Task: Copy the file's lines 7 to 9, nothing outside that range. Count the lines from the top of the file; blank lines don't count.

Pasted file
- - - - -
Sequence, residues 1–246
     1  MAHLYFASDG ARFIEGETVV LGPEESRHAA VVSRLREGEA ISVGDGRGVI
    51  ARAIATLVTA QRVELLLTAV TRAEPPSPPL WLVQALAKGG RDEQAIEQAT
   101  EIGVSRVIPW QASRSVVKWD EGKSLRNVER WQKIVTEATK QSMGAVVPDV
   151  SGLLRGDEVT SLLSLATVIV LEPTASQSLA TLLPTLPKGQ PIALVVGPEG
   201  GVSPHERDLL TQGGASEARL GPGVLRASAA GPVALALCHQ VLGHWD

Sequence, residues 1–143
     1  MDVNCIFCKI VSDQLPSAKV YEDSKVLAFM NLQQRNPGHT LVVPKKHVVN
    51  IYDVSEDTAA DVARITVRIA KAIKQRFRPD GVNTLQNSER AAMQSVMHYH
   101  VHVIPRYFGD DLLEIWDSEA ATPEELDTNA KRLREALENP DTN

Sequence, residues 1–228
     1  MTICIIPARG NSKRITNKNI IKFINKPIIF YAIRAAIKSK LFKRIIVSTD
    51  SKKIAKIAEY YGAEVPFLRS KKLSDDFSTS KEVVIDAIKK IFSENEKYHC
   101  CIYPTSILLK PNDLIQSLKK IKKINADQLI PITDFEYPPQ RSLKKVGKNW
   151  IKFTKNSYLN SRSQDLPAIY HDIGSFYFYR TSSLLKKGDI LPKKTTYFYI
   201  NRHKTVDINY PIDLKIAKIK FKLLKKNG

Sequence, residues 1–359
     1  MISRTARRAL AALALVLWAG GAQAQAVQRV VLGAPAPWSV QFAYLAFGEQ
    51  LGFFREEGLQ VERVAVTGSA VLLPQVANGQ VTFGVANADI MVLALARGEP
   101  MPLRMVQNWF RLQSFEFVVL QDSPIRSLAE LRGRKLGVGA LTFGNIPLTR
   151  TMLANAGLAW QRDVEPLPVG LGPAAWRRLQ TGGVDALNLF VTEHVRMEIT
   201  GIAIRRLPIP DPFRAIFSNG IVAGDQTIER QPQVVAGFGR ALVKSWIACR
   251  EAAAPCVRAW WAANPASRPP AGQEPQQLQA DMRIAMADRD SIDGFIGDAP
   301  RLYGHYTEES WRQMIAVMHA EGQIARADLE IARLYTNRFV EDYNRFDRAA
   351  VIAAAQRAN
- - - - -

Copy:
Sequence, residues 1–143
     1  MDVNCIFCKI VSDQLPSAKV YEDSKVLAFM NLQQRNPGHT LVVPKKHVVN
    51  IYDVSEDTAA DVARITVRIA KAIKQRFRPD GVNTLQNSER AAMQSVMHYH